Never Let Me Go Book vs Movie

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**Warning: Spoilers for both book and movie!**

Never Let Me Go by Kazuo Ishiguro (2005)

Never Let Me Go directed by Mark Romanek (2010)

This is yet another topic that is related to Alex Garland. Two weeks ago I covered Annihilation, which Garland wrote the script for and directed. Then last week I talked about The Beach, which is a book written by Garland. Today is Never Let Me Go, which is written by Kazuo Ishiguro and the movie is directed by Mark Romanek, and the script was adapted from the novel by Alex Garland!

The author Kazuo Ishiguro was born in Japan but him family moved to England when he was a kid. His most famous book, which is also a movie, is Remains of the Day (which I will be covering at some point). In 2017 he won the Nobel Laureate in Literature!

Synopsis

The story is narrated by Kathy, a girl who grew up without parents, in a boarding school called Hailsham. She has two good friends, Tommy and Ruth. As they get older, even though Tommy and Kathy seem like the obvious couple, Ruth ends up dating Tommy instead.

At 16 they go from Hailsham, to different other living situations. Ruth, Tommy and Kathy go to what are called The Cottages. Kind of like going from high school to college I guess. The other people there are from other schools and this is their first time being around student who aren’t from Hailsham. Ruth and Tommy continue to date while at the Cottages, and eventually things get bitter with Ruth and so Kathy leaves.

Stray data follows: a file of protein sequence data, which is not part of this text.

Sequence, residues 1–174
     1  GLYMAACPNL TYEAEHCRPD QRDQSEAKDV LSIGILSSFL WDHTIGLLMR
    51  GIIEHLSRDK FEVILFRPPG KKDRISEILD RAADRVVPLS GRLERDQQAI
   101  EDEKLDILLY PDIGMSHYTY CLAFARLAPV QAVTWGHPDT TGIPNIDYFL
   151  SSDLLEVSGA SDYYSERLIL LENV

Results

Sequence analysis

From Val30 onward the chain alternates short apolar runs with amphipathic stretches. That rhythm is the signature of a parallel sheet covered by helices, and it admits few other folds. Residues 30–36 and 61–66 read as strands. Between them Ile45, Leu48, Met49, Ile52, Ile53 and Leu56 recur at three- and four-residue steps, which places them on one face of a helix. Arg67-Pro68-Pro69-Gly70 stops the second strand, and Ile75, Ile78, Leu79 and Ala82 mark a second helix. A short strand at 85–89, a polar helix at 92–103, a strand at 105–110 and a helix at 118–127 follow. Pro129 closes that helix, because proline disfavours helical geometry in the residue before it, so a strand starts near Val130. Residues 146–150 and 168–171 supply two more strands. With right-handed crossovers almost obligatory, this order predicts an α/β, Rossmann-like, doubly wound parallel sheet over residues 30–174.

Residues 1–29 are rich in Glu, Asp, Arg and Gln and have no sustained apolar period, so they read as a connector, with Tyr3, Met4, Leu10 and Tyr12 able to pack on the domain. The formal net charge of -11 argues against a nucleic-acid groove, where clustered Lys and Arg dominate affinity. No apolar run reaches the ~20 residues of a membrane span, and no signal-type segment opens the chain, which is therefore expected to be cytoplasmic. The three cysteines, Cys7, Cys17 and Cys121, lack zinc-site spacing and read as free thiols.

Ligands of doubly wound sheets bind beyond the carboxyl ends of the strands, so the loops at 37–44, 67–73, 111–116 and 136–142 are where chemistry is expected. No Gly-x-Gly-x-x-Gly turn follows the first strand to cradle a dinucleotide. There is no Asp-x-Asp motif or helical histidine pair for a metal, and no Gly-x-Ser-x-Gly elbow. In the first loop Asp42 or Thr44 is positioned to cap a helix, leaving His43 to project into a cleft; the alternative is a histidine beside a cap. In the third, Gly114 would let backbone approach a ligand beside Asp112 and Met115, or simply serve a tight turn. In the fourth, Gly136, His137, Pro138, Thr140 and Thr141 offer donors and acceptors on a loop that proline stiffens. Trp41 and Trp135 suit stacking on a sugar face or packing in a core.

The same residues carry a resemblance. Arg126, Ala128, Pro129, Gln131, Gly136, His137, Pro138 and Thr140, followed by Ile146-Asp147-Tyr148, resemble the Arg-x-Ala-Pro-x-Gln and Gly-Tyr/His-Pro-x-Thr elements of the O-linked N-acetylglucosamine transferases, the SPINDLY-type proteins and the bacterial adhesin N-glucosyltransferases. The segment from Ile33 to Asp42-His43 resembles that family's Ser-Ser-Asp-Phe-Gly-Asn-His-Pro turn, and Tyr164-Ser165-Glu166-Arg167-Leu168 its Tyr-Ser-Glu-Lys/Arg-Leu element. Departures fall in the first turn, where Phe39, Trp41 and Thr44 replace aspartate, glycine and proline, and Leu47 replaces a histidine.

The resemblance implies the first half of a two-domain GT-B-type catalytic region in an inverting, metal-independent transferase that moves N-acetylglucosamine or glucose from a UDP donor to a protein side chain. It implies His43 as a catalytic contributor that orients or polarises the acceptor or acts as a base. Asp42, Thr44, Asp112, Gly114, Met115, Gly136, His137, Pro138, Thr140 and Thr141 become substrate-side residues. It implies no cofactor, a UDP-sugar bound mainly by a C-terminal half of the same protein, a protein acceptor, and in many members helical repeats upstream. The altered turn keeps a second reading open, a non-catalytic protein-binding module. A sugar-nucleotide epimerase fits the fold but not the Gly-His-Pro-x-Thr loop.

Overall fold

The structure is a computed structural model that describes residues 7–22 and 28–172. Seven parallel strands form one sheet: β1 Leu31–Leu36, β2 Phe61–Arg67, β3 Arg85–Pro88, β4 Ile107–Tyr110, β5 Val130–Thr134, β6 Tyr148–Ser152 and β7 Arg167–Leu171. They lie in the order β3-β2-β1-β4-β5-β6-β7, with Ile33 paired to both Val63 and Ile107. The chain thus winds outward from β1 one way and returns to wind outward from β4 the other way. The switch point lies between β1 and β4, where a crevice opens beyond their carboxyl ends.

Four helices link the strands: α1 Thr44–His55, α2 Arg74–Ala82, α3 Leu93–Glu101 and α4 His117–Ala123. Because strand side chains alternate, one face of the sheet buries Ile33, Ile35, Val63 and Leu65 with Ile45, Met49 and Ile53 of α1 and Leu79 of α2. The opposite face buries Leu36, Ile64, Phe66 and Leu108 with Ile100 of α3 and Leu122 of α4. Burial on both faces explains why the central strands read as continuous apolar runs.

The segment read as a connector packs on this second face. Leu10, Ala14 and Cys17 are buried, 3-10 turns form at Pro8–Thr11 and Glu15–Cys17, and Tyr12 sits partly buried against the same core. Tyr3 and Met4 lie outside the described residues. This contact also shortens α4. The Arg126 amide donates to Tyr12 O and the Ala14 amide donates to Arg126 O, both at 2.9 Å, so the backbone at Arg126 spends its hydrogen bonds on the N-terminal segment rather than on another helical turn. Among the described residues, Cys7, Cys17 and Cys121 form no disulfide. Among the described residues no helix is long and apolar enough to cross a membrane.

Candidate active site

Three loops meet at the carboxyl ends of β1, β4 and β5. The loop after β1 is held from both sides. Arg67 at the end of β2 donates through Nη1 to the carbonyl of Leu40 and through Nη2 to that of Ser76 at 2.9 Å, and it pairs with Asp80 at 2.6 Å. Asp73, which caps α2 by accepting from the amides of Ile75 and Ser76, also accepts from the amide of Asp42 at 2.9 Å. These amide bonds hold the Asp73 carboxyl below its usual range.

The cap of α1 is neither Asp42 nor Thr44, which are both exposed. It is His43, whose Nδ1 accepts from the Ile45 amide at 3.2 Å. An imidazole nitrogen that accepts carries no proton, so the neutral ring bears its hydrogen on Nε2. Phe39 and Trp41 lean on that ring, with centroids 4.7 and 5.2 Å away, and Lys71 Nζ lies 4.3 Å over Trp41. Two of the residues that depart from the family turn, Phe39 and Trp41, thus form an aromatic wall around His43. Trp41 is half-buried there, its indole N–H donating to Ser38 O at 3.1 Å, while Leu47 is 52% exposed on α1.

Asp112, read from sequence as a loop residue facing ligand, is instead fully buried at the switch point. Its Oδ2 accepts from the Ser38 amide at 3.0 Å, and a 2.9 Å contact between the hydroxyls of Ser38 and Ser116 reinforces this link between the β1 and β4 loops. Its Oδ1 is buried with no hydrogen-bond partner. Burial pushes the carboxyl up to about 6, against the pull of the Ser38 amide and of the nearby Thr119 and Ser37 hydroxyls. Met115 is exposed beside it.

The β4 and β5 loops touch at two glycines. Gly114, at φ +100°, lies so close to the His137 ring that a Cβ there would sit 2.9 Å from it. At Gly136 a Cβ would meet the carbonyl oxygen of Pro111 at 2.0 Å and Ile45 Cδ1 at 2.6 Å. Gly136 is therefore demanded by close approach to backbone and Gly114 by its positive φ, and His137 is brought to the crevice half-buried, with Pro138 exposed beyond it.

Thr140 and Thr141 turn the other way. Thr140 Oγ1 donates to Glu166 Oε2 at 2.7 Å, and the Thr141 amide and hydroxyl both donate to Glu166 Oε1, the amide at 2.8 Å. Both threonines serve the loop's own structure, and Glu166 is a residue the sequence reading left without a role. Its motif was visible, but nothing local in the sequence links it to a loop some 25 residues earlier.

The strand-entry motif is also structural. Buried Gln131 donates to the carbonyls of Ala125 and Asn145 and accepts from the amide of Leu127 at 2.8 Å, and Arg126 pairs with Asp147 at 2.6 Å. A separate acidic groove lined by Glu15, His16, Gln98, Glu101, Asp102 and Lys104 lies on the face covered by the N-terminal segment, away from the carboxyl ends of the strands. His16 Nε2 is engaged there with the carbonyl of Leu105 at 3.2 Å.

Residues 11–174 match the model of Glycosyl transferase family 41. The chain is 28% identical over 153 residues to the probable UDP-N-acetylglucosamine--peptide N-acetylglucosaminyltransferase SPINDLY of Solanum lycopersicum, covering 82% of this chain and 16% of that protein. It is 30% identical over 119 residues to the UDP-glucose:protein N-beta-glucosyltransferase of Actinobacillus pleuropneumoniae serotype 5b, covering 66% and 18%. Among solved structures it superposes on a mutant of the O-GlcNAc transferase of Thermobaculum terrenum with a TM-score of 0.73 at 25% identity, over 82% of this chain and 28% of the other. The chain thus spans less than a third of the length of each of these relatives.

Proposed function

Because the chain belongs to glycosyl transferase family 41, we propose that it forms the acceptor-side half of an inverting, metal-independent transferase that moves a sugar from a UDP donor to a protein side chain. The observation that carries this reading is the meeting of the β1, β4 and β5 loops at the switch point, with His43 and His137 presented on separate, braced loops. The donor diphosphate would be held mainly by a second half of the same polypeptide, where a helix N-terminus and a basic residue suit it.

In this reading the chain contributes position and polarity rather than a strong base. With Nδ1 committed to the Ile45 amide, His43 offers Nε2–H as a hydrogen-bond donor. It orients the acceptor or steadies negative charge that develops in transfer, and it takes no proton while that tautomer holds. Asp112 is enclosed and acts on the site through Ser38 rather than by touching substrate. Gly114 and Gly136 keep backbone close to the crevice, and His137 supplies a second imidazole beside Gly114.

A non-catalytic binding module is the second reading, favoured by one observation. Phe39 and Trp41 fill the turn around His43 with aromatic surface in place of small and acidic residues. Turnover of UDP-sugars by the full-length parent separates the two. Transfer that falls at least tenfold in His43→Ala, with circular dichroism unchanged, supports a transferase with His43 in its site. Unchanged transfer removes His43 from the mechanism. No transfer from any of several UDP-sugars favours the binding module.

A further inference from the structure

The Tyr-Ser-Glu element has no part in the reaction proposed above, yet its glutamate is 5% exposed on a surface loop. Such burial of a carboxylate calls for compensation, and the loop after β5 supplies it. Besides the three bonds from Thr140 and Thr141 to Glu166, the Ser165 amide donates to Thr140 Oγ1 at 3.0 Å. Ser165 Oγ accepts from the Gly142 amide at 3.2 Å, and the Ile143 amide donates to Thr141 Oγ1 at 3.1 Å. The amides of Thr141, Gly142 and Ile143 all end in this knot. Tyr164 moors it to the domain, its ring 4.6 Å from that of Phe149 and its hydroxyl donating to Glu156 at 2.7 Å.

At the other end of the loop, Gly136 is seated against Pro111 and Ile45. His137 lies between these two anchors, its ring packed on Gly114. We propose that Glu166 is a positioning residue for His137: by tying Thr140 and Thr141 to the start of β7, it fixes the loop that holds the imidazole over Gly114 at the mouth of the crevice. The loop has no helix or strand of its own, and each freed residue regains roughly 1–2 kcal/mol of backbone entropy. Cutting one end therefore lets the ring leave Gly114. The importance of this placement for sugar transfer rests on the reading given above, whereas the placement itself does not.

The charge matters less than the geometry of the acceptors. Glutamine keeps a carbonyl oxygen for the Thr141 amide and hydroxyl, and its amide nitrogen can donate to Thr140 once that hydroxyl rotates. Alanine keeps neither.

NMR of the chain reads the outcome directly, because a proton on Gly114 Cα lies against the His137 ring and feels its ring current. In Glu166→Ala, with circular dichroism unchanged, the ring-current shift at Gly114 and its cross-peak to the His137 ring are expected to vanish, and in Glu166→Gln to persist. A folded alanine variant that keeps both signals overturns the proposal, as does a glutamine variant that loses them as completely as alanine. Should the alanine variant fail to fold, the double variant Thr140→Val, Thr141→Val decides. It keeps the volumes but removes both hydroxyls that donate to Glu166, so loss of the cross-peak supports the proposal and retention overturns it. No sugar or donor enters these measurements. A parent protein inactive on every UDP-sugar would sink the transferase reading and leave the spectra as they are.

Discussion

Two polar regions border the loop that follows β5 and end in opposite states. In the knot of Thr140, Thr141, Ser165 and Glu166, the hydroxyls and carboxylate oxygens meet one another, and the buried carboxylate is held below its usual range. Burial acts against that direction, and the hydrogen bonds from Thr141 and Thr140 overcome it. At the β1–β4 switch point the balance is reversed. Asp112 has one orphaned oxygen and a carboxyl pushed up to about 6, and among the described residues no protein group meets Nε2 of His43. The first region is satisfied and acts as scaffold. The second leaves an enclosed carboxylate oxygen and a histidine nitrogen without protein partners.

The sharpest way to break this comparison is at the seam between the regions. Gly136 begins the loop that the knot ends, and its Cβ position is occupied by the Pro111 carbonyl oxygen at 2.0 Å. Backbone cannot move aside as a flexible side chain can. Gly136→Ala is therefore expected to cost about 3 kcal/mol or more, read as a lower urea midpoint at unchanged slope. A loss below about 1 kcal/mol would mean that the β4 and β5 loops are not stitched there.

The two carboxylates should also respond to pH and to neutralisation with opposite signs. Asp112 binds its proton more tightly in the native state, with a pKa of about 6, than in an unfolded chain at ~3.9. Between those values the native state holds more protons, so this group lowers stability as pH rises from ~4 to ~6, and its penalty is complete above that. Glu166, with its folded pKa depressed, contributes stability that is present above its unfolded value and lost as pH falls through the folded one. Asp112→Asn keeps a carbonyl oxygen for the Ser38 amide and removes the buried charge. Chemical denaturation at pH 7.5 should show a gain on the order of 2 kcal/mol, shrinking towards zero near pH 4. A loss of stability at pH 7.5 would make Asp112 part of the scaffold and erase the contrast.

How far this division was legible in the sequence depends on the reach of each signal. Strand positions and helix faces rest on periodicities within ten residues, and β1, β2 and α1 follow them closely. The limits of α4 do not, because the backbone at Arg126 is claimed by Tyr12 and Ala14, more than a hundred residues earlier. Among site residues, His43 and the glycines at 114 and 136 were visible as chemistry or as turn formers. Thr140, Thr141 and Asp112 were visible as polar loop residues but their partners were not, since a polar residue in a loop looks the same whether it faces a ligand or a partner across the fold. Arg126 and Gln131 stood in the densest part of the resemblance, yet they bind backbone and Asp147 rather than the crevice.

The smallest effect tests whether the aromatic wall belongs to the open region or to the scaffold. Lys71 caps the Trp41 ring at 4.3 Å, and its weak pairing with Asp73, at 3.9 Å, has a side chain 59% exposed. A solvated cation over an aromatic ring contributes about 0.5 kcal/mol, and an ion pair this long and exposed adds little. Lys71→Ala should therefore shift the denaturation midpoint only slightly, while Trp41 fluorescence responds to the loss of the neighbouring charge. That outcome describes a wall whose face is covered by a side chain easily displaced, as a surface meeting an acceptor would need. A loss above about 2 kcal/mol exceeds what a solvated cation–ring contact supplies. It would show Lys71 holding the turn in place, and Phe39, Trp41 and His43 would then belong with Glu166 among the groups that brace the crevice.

As the story continues, it is revealed that they and all the other students at Hailsham, as well as all the other people living at places like the Cottages, are clones. These “students” exist only to grow to adulthood, when their organs will then be taken and used to save human lives. They call this “donating”, and when the clone ends up dying due to the donations, it’s called “completing”. Students also go through a period being a “carer” which is when you look after those doing donations. A student can’t be a carer forever though, and at some point while they are still young they stop being a carer and start donating.

The cloning isn’t really the main focus of the story though. It’s primarily a romance between Kathy and Tommy. They drift apart at around age 18. Kathy is a very good carer and so she remains a carer for a decade while others her age are donating.

She ends up looking after Ruth, who is struggling after her first donation and will most likely die, or “complete” after her second. Before she dies, she has the two of them reunite with Tommy and Ruth apologizes for keeping them apart. She then gives them the address of the woman who had been in charge of Hailsham. There is a rumor, that two students who are truly in love, will get a deferral for three years or so. Ruth hopes to fix what she did in the past, by now helping them get a deferral. Tommy has already had three donations, but he is doing well considering.